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Should NASCAR Race on Holidays?

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NASCAR was forced to race on Memorial Day this year with the Coca-Cola 600 being rained out on its traditional date, the Sunday before Memorial Day. The TV ratings for the Monday show were not half-bad as NASCAR pulled in nearly 3.4 million viewers and a decent at-track attendance clip. Some fans began to openly wonder about whether or not NASCAR should race on Memorial Day?

This does open up a legitimate question about whether or not NASCAR should consider racing on holidays. During the NASCAR regular season calendar, there are two other major holidays they could race on being Memorial Day and the Fourth of July, and NASCAR already races on Easter. What would that look like, and would it be a worthwhile idea?

Pro: Every Other Sport Makes Holidays a Big Event, Why Not NASCAR?

The NFL has Thanksgiving, the NBA has Christmas, and MLB has the Fourth of July. Each sport makes these holidays a big event, and they put marquee matchups on each of these days. The NFL on Thanksgiving is a part of many houses’ Thanksgiving routines, as is the same with the NBA. When I was growing up, I would always watch the Cubs game on the Fourth of July during the day while my dad grilled ribs.

Why not make a big event out of racing on a holiday? Imagine the Coca-Cola 600 pre-race on the actual Memorial Day and how awesome that would be. It could be a fun way for NASCAR to either create another crown-jewel event or to enhance a current crown-jewel event.

Con: It could be a scheduling nightmare

With the current NASCAR schedule being as compressed as it is, only one off-week during the season, scheduling a race on Memorial Day Monday or potentially a mid-week race on the Fourth of July could be difficult. NASCAR would either have to move the current off-week or add in more off-weeks. This pushes the schedule further and further into November where weather becomes less than ideal.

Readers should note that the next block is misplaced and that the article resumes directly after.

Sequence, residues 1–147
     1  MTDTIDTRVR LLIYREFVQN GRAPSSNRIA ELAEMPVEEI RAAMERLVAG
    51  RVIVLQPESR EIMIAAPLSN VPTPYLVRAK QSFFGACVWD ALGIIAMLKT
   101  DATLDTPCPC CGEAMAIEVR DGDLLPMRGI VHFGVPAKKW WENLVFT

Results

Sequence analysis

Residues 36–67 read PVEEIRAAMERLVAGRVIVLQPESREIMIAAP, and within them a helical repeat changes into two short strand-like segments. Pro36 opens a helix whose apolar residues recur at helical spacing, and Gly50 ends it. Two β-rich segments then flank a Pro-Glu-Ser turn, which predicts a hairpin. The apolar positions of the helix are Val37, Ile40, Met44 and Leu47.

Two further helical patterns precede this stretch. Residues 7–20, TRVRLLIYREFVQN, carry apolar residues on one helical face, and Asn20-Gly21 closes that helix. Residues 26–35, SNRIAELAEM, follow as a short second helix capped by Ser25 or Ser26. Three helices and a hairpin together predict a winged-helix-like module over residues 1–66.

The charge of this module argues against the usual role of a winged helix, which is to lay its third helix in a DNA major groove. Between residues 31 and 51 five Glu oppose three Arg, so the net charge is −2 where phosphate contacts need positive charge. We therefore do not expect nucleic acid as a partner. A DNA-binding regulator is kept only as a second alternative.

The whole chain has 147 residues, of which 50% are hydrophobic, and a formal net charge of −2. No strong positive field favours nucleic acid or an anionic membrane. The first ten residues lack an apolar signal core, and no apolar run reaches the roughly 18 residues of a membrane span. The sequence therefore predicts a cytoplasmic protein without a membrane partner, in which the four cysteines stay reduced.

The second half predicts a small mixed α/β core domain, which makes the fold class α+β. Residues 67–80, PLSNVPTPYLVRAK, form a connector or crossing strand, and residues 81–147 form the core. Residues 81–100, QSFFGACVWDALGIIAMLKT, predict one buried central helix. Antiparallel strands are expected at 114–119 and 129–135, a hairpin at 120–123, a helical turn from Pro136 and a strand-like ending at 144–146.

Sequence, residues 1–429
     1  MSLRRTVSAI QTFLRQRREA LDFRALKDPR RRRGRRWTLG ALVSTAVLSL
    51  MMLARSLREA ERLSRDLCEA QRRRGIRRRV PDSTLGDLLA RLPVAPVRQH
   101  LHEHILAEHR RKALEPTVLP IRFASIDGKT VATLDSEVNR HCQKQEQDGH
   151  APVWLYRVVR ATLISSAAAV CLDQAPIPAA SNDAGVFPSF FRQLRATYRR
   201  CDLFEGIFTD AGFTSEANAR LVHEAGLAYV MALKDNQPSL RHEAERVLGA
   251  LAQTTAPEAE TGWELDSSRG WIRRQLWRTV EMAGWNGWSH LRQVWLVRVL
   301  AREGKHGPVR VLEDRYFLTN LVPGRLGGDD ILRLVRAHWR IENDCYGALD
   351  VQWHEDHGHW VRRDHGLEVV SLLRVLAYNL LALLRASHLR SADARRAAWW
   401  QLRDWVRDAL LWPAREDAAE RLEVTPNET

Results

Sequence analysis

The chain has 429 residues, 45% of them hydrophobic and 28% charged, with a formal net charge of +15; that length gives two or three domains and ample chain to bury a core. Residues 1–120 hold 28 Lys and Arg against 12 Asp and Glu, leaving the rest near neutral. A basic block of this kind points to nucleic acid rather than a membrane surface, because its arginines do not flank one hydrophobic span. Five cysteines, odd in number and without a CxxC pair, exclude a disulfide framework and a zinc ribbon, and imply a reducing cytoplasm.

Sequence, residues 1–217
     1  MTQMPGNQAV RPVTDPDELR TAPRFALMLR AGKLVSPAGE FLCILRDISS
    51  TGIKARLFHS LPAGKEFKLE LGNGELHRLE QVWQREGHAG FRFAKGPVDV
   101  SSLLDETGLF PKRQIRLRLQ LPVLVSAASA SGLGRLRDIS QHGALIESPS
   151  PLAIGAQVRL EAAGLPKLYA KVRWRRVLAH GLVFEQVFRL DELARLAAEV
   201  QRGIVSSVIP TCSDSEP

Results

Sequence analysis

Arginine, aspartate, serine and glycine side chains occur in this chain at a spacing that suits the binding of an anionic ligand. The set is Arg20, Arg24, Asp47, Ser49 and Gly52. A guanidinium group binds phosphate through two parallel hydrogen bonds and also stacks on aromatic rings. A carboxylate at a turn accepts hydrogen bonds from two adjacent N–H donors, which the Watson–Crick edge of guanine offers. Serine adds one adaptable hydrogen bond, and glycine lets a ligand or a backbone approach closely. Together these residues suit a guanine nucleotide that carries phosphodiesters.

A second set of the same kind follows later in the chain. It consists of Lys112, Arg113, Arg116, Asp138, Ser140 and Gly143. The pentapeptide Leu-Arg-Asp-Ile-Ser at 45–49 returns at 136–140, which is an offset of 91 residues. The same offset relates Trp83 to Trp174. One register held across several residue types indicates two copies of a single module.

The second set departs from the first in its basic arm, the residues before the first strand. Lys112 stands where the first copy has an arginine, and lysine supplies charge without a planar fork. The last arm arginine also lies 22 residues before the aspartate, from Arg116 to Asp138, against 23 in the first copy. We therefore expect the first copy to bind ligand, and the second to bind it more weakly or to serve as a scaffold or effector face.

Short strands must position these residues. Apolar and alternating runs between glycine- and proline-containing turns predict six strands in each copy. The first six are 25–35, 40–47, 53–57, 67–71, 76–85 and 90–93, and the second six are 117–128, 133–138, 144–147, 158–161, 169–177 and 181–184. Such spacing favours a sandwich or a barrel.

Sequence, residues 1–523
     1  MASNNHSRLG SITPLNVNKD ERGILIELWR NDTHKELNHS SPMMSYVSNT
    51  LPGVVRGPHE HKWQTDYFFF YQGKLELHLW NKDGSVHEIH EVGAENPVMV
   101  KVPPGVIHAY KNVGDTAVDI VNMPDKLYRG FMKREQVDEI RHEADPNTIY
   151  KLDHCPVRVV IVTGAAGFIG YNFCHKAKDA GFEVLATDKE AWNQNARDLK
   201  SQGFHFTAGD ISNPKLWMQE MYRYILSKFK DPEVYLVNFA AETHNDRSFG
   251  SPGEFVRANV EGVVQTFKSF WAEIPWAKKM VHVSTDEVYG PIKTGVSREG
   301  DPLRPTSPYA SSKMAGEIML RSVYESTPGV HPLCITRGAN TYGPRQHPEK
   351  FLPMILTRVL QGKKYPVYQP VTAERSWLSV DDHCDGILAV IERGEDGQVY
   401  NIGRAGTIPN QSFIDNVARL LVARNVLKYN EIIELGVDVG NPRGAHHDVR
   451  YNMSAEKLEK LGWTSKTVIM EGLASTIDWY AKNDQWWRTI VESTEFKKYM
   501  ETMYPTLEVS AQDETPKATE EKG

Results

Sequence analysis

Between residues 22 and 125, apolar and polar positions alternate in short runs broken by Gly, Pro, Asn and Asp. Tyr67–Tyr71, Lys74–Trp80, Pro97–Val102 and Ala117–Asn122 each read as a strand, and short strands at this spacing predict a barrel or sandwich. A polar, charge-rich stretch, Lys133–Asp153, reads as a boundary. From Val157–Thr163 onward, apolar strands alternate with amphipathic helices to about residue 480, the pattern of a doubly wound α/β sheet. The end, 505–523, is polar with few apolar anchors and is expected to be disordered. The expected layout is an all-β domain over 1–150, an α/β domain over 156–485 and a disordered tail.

Add to that the nightmare scenario, rain outs. Imagine a Tuesday Fourth of July race being rained out or a Monday Memorial Day race being rained out. That could create logistical nightmares for teams depending on what the schedule is following. Even racing in the middle of the week could throw off race teams routines.

Pro: NASCAR Has Done it Before

The Coke Zero Sugar 400, formerly the Firecracker 400, used to be traditionally held on the actual Fourth of July rather than Fourth of July weekend. The Southern 500 used to be run on Labor Day rather than just the Sunday before Labor Day. The last few years, NASCAR has broken from tradition and begun racing at Bristol Dirt on Easter.

In recent years, NASCAR has had the Fourth of July fall on Sundays as well, causing them to run Fourth of July races. Most notably, the 2009 Coke Zero 400 at Daytona where Tony Stewart and Kyle Busch battled for the win, and in 2021 where Road America hosted a race on the Fourth of July.

Con: It Would Likely Not be Popular with Drivers or Teams

It’s important to take into account that these drivers are humans and these teams have humans working for them. They probably like the fact that, generally speaking, they have these holidays available to them. It’s a great way for them to plan family events and things like that.

Back to the scheduling con I discussed earlier, teams would feel the brunt of this scheduling impact. They would be the ones who would have to upset their routines for these holidays races to happen, and I doubt they would be very happy about this.

Pro: Recent TV Ratings and At-Track Attendance on Holidays Have Been Good

Look no further than the 3.4 million viewers for a rain-out race this past Monday and the decent at-track attendance. If NASCAR was able to schedule a race for this day with fans able to plan around it, I would imagine the viewership and at-track attendance could go up. Even the race this year on Easter Sunday at Bristol Dirt was pretty even with typical FOX viewership during the early portion of the season, meaning that TV ratings at-worst were even.

Road America pulled in over 100,000 fans on their Fourth of July race in 2021 as well. The precedent is there for good ratings an fan turnout during holiday weekends. However, is it a guarantee that that would stay?

Con: Mid-Week TV Ratings During the Pandemic Were…Not Great

NASCAR was forced to experiment with mid-week racing during the COVID-19 pandemic. There was either no crowd or a limited crowd during these races meaning it was hard to gauge how at-track attendance would be. As far as TV ratings go, the mid-week races in 2020 rank among the least-watched NASCAR races of the new millennium according to SportsMediaWatch.com.

Maybe a holiday would be an exception, but it is no guarantee that NASCAR could get the audience they are looking for. Ultimately, it comes down to TV ratings and at-track attendance whether or not NASCAR sees it as a good idea to run mid-week races.

As for whether or not NASCAR should run on holidays, there appears to be no right or wrong answer. It may be a worthwhile experiment, but it’s far from a surefire success.

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Joshua Lipowski

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